Electric shock - The incident that changed my life forever

Dec 02, 2022

The following story is a guest post from Mladen Jakovljevic - former crew member and author of the book "Modern Age Slavery"

At the end of my fifth month on board, something happened, which proved to be a life-changing experience.

One morning, I woke up ready for a regular day at work. The ship was docked in San Juan, Puerto Rico. Our ship vocabulary was what we called my " day off." That was different from the actual day off; the only difference between the sea day and port days was that I started a little late in San Juan at 15h.

When the ship arrives in port, sometimes we can go outside for a short stroll. But at that time, in the port of beautiful San Juan, I needed to do my laundry in the morning, and during afternoon hours, just before my work, we had some mandatory safety drill. At 15h exactly, I showed up at my work at the bustling bar on deck 10. At that moment, I did not know that what was about to happen would change my life forever.

Apart from our beverage service, long cocktail list, beers, and wines, we made complimentary popcorn for our guests in the bar. As a routine technical part of my job, I plugged the cable into a nearby socket. While ensuring that everything was ready for popcorn, I cautiously turned on the popcorn machine.

Suddenly, I got an electrical shock. From the impact itself, I was grounded. Half awake, I saw my colleagues helping me get to the medical center. When we came downstairs on deck 0 in front of the infirmary, it was already evening and closed. The nurse on duty gave me something for the pain, and they sent me on break shortly after the incident.

I have sustained severe injuries, but I was treated very poorly by the medical team and Management onboard the ship despite that.

Management onboard the ship intentionally tried to cover up that incident and remove their responsibility because they were aware that they put my life in danger by letting me operate an unsafe popcorn machine. The old, overused, cracked cable was lying on the popcorn machine's metal cabinet, and when I tried to open that cabinet, I was struck by electricity. For 4 seconds, I could not remove my hand from the popcorn machine from the electricity impact itself. Shortly after the incident occurred, my supervisor told me he would "take care of all the paperwork about the incident," all-hazard incident reports, and everything else.

At that moment, I felt chest pain and pain in my right hand. On that very same evening, after taking a short break, I was told to go back to work and " be careful this time" while also being given some pain medication for my right hand.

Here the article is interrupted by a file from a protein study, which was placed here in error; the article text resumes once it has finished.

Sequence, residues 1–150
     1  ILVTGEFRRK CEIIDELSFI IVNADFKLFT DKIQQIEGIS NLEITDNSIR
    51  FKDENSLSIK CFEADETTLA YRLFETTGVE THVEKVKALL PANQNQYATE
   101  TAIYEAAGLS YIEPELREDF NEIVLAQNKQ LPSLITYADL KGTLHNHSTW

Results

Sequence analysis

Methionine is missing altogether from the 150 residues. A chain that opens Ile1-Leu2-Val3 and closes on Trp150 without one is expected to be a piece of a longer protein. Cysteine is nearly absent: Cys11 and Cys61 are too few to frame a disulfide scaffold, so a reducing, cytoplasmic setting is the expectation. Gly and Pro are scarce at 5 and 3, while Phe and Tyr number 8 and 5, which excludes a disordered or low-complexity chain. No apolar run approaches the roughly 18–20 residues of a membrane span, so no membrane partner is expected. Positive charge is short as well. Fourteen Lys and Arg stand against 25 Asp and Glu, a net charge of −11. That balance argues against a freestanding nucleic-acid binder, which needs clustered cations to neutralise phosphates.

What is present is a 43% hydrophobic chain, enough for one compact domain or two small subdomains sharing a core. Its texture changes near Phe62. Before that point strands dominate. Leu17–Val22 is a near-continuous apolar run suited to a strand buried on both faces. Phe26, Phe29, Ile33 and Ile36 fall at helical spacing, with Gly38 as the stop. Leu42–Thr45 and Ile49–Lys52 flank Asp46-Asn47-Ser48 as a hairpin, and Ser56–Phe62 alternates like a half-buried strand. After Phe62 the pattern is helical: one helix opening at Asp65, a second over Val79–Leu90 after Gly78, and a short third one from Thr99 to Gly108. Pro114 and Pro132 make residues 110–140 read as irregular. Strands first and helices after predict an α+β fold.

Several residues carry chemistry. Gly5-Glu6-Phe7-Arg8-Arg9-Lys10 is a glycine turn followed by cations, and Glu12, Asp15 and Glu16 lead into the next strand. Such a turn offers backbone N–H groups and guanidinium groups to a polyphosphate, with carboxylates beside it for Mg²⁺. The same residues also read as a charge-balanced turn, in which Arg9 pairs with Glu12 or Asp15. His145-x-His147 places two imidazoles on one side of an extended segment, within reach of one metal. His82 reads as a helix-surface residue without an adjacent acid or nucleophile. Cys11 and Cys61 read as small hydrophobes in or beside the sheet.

On that same evening, we were told by our supervisor and electrician to continuously operate that popcorn machine and put some paper bags under the broken cable while still making popcorn to avoid further electricity shock. The popcorn machine's damaged, and cracked wire was replaced only the next day.

For the next two weeks, despite everything, I kept working while drinking many pain relievers every day. About two weeks after the incident, I went to the medical center once again because I still had pain in my hand, and for the first time in my life, I developed hypertension. Every day I had constant chest pain and dizziness. My blood pressure was extremely high at that time. I was told by the ship physician that I had developed the medical condition of hypertension. Despite drinking my medication, my blood pressure was still high, and the doctor kept me off for another day of duty. I have also notified the doctor that I still have pain in my right hand and chest, but he prescribed me a stronger painkiller.

A couple of days later, I followed up with the ship's medical center doctor. My condition improved after taking many medications, and I was sent back to work. The next day, from my colleagues, I discovered that there was no single email, report, or note about that particular incident that happened to me, even though my managers were very well aware of what happened. They were probably trying to do a cover-up and remove their responsibility for this entire event.

For that reason,  I went to the HR manager and brought a copy of the work order placed for the cracked popcorn machine wire to be replaced, and I asked the HR manager why there was no single email or report about the incident. Repairing the popcorn machine was much more important than taking care of its employees' health.